May 14, 1986
Secretary of State George P. Shultz is angry that Congress is cutting money to protect U.S. embassies abroad against terror and to aid deserving allies like the Philippines. Next time another embassy tragedy occurs, he railed, he'll place the blame at Congress' door. Those are fighting sentiments, but if Mr. Shultz really wants to protect U.S. diplomats he should direct his anger at the White House, where it belongs. Of course, budget cuts should not deny American diplomats adequate protection against growing terrorist threats abroad.
August 31, 1988 |
Last season, for the first time in the five-year history of the Centennial Conference, a football team went undefeated in the seven conference games. That, says Swarthmore coach Fran Meagher, won't happen again. Franklin & Marshall, which went 9-1-1 overall, was the epitome of perfection in the conference. And despite Meagher's prediction, F & M could be better this year. Coach Tom Gilberg welcomes back nine starters, including senior wide receiver Dale Amos, who led the conference in receiving with 50 catches for 700 yards, both Centennial records.
February 1, 1991 |
Iran is holding contacts with visiting officials from Iraq, France, Algeria and Yemen to find ways to end the Gulf War, television and newspaper reports said. Today's Washington Post quoted a senior Iranian diplomat as saying the diplomatic activity provided a unique opportunity to see whether interested parties collectively could end the war. NBC, which also reported the visits, said the gathering had caught everyone "by surprise. " The Post identified those in Tehran as Iraq's deputy prime minister, Saadoun Hammadi; Algerian Foreign Minister Sid Ahmed Ghozali; French Foreign Ministry Secretary Gen. Francois Scheer; and a deputy foreign minister from Yemen.
December 5, 1991 |
Dave Wilding doesn't want to come off sounding too cocky, but Franklin and Marshall's center figured his team had to be the NCAA Division III basketball favorite. It just makes sense, said Wilding, a 6-foot-7 senior from Feasterville. The Diplomats were 28-3 in 1990-91, reached the national championship game, and have all their starters back, plus their top two reserves. "It was kind of a logical choice, looking back at the teams that made it to the Final Four," Wilding said.
October 20, 1986 |
The Soviet Union yesterday ordered five U.S. diplomats to leave the country for "actions which are incompatible with their official status," diplomatic parlance that usually refers to spying. The action coincided with an American deadline for the departure of 25 diplomats at the Soviet U.N. mission who were ordered to leave the United States. The United States had accused them of using their U.N. positions for espionage. In Washington, Secretary of State George P. Shultz said the United States would retaliate for the expulsions ordered by Moscow.
February 1, 1989 |
Afghan mujaheddin fighters have committed several bloody atrocities in recent months after taking control of government-held towns, according to Western diplomats. One was a slaughter so gruesome and premeditated that at least one Western government lodged an official protest with the mujaheddin group believed to be responsible, said the diplomats, in Afghanistan and New Delhi. In that case, the mujaheddin, who have been armed and supported by the United States for about a decade, shot and killed about 70 disarmed Afghan soldiers who surrendered to them in November at the border town of Torkham, on the Afghan side of the Khyber Pass.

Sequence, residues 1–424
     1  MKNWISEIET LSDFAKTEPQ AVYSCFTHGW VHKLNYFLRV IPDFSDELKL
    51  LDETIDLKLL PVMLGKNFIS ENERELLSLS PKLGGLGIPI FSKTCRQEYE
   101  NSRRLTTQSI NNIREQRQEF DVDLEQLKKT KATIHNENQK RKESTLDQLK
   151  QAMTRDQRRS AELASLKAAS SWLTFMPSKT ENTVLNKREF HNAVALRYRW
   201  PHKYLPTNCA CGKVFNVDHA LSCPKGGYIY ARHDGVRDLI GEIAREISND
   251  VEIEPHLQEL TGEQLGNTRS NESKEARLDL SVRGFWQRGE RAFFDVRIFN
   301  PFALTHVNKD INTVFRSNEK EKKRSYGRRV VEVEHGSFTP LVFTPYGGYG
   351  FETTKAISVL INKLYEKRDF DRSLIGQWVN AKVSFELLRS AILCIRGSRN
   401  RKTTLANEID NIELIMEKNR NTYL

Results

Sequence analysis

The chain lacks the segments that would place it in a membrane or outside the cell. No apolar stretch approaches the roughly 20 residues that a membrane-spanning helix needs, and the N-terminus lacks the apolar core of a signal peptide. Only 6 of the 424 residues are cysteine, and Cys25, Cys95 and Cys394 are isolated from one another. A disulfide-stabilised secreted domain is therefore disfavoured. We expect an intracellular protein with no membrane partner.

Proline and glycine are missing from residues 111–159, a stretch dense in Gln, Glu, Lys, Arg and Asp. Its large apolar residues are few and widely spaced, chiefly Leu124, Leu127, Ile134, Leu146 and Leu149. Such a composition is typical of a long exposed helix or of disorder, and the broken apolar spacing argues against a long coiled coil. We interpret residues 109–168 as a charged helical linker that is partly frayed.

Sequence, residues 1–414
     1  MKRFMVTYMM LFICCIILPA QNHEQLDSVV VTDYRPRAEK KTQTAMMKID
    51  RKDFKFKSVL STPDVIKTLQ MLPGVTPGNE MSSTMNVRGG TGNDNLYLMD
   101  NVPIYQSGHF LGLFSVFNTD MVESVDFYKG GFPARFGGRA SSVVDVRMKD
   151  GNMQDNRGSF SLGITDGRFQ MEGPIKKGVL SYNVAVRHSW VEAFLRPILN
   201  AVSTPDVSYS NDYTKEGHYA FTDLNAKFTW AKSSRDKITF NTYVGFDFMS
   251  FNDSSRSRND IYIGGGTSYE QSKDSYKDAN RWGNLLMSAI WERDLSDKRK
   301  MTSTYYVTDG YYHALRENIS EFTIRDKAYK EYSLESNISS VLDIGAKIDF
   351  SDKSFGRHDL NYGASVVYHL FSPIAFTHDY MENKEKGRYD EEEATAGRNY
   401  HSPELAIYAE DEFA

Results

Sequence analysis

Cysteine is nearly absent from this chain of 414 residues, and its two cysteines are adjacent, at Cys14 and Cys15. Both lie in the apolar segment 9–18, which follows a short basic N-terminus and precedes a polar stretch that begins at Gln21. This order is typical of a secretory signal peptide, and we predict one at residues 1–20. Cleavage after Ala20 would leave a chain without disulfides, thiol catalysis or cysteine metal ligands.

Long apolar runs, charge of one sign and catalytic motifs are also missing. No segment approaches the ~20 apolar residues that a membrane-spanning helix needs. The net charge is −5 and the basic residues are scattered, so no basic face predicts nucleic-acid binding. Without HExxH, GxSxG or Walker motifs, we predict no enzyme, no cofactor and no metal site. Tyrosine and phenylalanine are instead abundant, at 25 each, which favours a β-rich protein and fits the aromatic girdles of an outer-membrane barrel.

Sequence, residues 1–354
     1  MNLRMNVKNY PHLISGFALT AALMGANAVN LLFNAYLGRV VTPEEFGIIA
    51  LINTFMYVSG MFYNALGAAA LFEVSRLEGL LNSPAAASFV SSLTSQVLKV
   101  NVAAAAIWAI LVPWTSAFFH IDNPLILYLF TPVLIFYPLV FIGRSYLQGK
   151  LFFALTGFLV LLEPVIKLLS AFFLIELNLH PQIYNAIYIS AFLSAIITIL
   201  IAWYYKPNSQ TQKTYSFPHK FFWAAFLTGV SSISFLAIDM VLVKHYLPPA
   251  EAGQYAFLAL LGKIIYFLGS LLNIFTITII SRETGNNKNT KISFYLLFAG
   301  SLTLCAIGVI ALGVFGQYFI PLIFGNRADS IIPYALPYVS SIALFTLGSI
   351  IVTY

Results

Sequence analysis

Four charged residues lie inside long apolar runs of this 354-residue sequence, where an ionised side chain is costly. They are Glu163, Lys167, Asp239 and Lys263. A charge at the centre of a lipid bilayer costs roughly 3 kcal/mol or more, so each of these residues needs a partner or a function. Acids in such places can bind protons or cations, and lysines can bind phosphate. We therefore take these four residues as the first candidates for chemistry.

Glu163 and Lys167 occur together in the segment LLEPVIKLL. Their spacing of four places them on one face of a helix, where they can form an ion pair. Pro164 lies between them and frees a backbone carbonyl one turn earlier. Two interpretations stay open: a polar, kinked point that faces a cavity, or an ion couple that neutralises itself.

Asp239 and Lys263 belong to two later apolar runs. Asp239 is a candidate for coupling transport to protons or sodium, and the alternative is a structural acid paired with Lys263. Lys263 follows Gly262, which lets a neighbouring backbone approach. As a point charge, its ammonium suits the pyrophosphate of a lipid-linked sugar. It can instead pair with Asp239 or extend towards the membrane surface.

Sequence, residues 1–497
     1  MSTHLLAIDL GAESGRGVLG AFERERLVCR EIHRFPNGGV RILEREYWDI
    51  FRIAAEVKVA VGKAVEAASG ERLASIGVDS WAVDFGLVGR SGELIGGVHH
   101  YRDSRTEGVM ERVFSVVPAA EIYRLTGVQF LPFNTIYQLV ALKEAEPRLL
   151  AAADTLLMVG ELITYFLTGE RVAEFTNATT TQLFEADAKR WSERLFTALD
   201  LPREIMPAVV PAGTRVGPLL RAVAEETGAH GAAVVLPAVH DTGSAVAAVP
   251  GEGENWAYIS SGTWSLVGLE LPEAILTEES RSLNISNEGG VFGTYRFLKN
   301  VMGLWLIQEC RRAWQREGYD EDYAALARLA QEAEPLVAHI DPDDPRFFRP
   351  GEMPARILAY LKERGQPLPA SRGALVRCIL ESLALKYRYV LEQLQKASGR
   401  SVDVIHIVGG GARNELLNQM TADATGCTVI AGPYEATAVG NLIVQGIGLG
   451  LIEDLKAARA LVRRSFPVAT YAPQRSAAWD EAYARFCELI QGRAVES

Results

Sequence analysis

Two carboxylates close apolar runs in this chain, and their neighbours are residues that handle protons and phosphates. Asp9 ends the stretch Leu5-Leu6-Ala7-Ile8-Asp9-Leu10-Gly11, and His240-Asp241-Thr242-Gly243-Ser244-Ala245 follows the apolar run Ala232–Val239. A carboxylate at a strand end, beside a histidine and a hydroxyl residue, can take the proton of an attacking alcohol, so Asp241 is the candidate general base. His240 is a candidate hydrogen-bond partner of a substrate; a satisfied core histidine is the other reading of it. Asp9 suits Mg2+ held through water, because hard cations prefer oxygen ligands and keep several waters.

November 4, 1986 |
He was in Iran in 1981, Libya in 1984, and Lebanon last week, this imposing, 6 1/2-foot, bearded man who looks more like a Russian Orthodox patriarch than the Anglican missionary he is. He has been variously likened to Henry Kissinger, a boy scout and a ministering angel. It's difficult to pigeonhole Terry Waite - a layman working for the Anglican Church who willingly takes himself to some of the most dangerous places a Westerner can tread, a representative of no government who succeeds where professional diplomats have failed.
August 16, 1990 |
Iraq, apparently breaking a promise it had made to the United States, has stopped a group of American diplomats and their dependents from leaving the country, the State Department said yesterday. The department also acknowledged that Iraq had now defined the thousands of Americans and other foreigners trapped there and in Kuwait as "restrictees," who would be used as bargaining chips or shields until the conflict was over. Iraqi officials said last week that diplomats and their dependents could leave after a seven-day waiting period.
July 31, 2011 |
ISLAMABAD, Pakistan - The Pakistani government has put new travel restrictions on American diplomats there, a U.S. official said Saturday, the latest sign of the breakdown in ties between Islamabad and Washington since the U.S. raid that killed Osama bin Laden. Pakistan reacted furiously to the May 2 raid deep within its borders because the mission was carried out with no warning to authorities. The fallout has battered an already frayed relationship seen as key to the fight against al-Qaeda and Washington's hopes of reaching a settlement in Afghanistan and withdrawing troops.
September 23, 2011 |
UNITED NATIONS - American diplomats led a walkout Thursday at the General Assembly as Iranian President Mahmoud Ahmadinejad fiercely attacked the United States and major Western European nations as "arrogant powers" ruled by greed and eager for military adventurism. The two U.S. diplomats, who specialize in the Middle East, were followed out of the chamber by diplomats from more than 30 countries. They included the 27 European Union members, Australia, New Zealand, Somalia, Liechtenstein, Monaco, San Marino, and Macedonia, a U.N. diplomat said.